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China Eco Tales: Tracking the world’s rarest primate in the rainforests of Hainan

Posted Date: Wednesday 6 November 2019    

Author: Joyee Chan (Project Officer of Kadoorie Conservation China Department)


Hainan Gibbons are born aerial acrobats

On the first morning monitoring Hainan Gibbons at Hainan Island’s Bawangling National Nature Reserve, my team tracked the species’ biggest family unit, Group C, in hopes of catching a glimpse of its 10 members by following the direction of their haunting, full-throated songs as they echo through the jungle. As we descended from a listening post on the mountaintop, we found a clearing in the forest that opens up to a view of a majestic tree standing tall and proud on a steep slope with lush mountains in the background. I thought to myself: If the gibbons were hanging out here, this would be picture perfect. I couldn’t believe that this would come true on day three. The gibbons appeared in the treetops not far away, and we had the luxury of observing them unobstructed by thick foliage as they gracefully picked fruits from branches for breakfast, hung by one arm from a branch and flung themselves through the air to another tree metres away like aerial acrobats.


Pre-survey training for the monitoring team

This was the first time I participated in the annual population survey of Hainan Gibbons – also known as the world’s rarest primate since there are only 29 individuals living in four family groups left according to the 2018 census. This year, we put together a 42-strong team of staff from Kadoorie Conservation China, Hainan Bawangling National Nature Reserve, Hainan Bangxi Provincial Nature Reserve, Yunnan Gaoligongshan National Nature Reserve, and Yunnan Tongbiguan Provincial Nature Reserve for this important mission. We divided into seven teams and set up 19 listening posts in the heart of gibbon territory. From dawn to noon, Hainan Gibbons sing to strengthen family bonds and mark their territory. The team would first pinpoint the gibbon’s location through listening to the direction of their songs, then track down them down and count their numbers.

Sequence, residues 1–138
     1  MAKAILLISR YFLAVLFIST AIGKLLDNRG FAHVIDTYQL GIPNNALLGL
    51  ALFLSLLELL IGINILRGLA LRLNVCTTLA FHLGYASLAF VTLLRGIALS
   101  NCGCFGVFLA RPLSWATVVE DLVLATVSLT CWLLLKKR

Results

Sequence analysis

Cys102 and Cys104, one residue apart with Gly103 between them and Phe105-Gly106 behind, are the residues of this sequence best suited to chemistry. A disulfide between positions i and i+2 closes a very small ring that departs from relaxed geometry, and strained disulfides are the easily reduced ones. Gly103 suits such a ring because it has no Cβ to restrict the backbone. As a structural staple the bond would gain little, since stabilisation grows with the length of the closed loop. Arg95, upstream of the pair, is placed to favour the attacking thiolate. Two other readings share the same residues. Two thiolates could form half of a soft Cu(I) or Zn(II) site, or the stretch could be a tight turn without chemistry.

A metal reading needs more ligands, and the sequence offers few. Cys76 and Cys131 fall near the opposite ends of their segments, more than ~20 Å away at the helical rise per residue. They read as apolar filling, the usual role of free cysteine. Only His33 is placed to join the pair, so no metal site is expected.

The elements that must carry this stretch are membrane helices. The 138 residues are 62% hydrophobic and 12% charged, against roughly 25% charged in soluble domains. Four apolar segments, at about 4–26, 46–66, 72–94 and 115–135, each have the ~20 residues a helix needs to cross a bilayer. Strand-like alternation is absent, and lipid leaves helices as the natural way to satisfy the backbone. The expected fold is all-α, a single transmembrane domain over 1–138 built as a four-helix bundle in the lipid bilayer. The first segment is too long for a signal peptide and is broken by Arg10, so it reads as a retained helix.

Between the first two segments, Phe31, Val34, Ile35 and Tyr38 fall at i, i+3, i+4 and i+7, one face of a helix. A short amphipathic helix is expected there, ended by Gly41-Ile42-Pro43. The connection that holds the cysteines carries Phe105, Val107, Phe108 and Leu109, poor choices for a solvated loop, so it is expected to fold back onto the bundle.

Brown Wood Owl


Northern Reed Snake

Every morning, my team crawled out of bed at an ungodly 4:30am to eat a simple congee breakfast, and then we hiked 2km uphill under a starry sky using our headlamps to light up the way. We had to reach our listening posts located 900m above sea level before day breaks and before the gibbons wake. On our way, we heard a Brown Wood Owl call as if to cheer us on, but a drowsy Indochinese Green Magpie wasn’t too pleased to be startled from its sleep. We also bumped into a Northern Reed Snake, a Pointed-scale Pit Viper, and an Arcuate-spotted Pygmy Frog which added excitement to our trek in darkness.


Tracking Hainan Gibbons in the lush rainforest


Recording the time, direction, distance and type of the gibbon calls, the number of gibbons seen and the GPS location of the monitoring team